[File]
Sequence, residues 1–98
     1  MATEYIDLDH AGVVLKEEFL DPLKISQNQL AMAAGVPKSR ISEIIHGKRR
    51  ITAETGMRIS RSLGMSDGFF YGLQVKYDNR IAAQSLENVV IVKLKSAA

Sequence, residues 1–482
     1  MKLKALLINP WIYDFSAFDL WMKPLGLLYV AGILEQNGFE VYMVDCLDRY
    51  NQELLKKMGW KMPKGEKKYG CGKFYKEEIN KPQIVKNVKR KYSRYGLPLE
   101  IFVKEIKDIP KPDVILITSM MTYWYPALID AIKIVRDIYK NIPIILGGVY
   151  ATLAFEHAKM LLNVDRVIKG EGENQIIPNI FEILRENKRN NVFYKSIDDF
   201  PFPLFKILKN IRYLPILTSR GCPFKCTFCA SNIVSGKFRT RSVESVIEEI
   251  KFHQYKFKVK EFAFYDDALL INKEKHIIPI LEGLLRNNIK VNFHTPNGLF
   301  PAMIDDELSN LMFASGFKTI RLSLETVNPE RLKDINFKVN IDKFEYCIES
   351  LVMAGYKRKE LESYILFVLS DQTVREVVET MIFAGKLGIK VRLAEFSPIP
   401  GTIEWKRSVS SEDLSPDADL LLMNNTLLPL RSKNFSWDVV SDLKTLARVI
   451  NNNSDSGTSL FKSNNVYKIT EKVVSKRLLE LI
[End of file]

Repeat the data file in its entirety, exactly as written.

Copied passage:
Sequence, residues 1–98
     1  MATEYIDLDH AGVVLKEEFL DPLKISQNQL AMAAGVPKSR ISEIIHGKRR
    51  ITAETGMRIS RSLGMSDGFF YGLQVKYDNR IAAQSLENVV IVKLKSAA

Sequence, residues 1–482
     1  MKLKALLINP WIYDFSAFDL WMKPLGLLYV AGILEQNGFE VYMVDCLDRY
    51  NQELLKKMGW KMPKGEKKYG CGKFYKEEIN KPQIVKNVKR KYSRYGLPLE
   101  IFVKEIKDIP KPDVILITSM MTYWYPALID AIKIVRDIYK NIPIILGGVY
   151  ATLAFEHAKM LLNVDRVIKG EGENQIIPNI FEILRENKRN NVFYKSIDDF
   201  PFPLFKILKN IRYLPILTSR GCPFKCTFCA SNIVSGKFRT RSVESVIEEI
   251  KFHQYKFKVK EFAFYDDALL INKEKHIIPI LEGLLRNNIK VNFHTPNGLF
   301  PAMIDDELSN LMFASGFKTI RLSLETVNPE RLKDINFKVN IDKFEYCIES
   351  LVMAGYKRKE LESYILFVLS DQTVREVVET MIFAGKLGIK VRLAEFSPIP
   401  GTIEWKRSVS SEDLSPDADL LLMNNTLLPL RSKNFSWDVV SDLKTLARVI
   451  NNNSDSGTSL FKSNNVYKIT EKVVSKRLLE LI